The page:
functionconstruct_balltreeisinput:D, an array of data points.output:B, the root of a constructed ball tree.ifa single point remainsthencreate a leafBcontaining the single point inDreturnBelseletcbe the dimension of greatest spread letpbe the central point selected considering c letL,Rbe the sets of points lying to the left and right of the median along dimensionccreateBwith two children:B.pivot :=pB.child1 := construct_balltree(L),B.child2 := construct_balltree(R), letB.radius be maximum distance frompamong childrenreturnBend ifend function

An important application of ball trees is expediting nearest neighbor search queries, in which the objective is to find the k points in the tree that are closest to a given test point by some distance metric (e.g. Euclidean distance). A simple search algorithm, sometimes called KNS1, exploits the distance property of the ball tree. In particular, if the algorithm is searching the data structure with a test point *t*, and has already seen some point *p* that is closest to *t* among the points encountered so far, then any subtree whose ball is further from *t* than *p* can be ignored for the rest of the search.

The ball tree nearest-neighbor algorithm examines nodes in depth-first order, starting at the root. During the search, the algorithm
maintains a max-first priority queue (often implemented with a heap), denoted *Q* here, of the k nearest points encountered so far. At each node *B*, it may perform one of three operations, before finally returning an updated version of the priority queue:

- If the distance from the test point
*t*to the current node*B*is greater than the furthest point in*Q*, ignore*B*and return*Q*. - If
*B*is a leaf node, scan through every point enumerated in*B*and update the nearest-neighbor queue appropriately. Return the updated queue. - If
*B*is an internal node, call the algorithm recursively on*B'*s two children, searching the child whose center is closer to*t*first. Return the queue after each of these calls has updated it in turn.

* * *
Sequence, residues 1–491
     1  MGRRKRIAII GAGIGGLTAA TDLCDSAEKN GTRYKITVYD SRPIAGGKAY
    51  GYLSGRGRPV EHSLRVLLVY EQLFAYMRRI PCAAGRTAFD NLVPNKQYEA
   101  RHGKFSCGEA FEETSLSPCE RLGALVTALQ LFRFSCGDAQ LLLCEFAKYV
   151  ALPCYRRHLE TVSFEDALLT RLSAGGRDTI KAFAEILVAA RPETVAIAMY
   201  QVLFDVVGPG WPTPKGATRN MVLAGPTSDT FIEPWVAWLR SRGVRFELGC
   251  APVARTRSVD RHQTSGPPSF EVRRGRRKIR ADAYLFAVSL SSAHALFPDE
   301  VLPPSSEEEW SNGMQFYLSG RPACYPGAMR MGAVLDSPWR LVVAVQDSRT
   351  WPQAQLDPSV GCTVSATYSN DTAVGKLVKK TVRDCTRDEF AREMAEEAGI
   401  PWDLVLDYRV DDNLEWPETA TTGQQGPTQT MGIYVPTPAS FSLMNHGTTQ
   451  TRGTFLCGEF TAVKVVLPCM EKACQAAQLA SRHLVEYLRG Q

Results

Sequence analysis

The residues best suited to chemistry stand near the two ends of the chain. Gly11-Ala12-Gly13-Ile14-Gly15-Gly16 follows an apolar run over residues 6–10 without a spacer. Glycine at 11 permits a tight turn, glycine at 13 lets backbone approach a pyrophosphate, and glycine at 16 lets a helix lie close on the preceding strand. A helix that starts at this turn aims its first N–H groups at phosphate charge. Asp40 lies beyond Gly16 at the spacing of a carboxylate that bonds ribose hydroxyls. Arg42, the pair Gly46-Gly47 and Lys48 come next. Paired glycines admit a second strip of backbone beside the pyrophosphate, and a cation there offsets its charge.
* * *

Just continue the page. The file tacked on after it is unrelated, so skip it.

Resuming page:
Performing the recursive search in the order described in point 3 above increases likelihood that the further child will be pruned entirely during the search.

functionknn_searchisinput:t, the target point for the query k, the number of nearest neighbors of t to search for Q, max-first priority queue containing at most k points B, a node, or ball, in the treeoutput:Q, containing the k nearest neighbors from within Bifdistance(t, B.pivot) - B.radius ≥ distance(t, Q.first)thenreturnQ unchangedelse ifB is a leaf nodethenfor eachpoint p in Bdoifdistance(t, p) < distance(t, Q.first)thenadd p to Qifsize(Q) > kthenremove the furthest neighbor from Qend ifend ifrepeatelselet child1 be the child node closest to t let child2 be the child node furthest from t knn_search(t, k, Q, child1) knn_search(t, k, Q, child2)end ifreturnQend function^{[2]}

In comparison with several other data structures, ball trees have been shown to perform fairly well on
the nearest-neighbor search problem, particularly as their number of dimensions grows.^{[3]}^{[4]}
However, the best nearest-neighbor data structure for a given application will depend on the dimensionality, number of data points, and underlying structure of the data.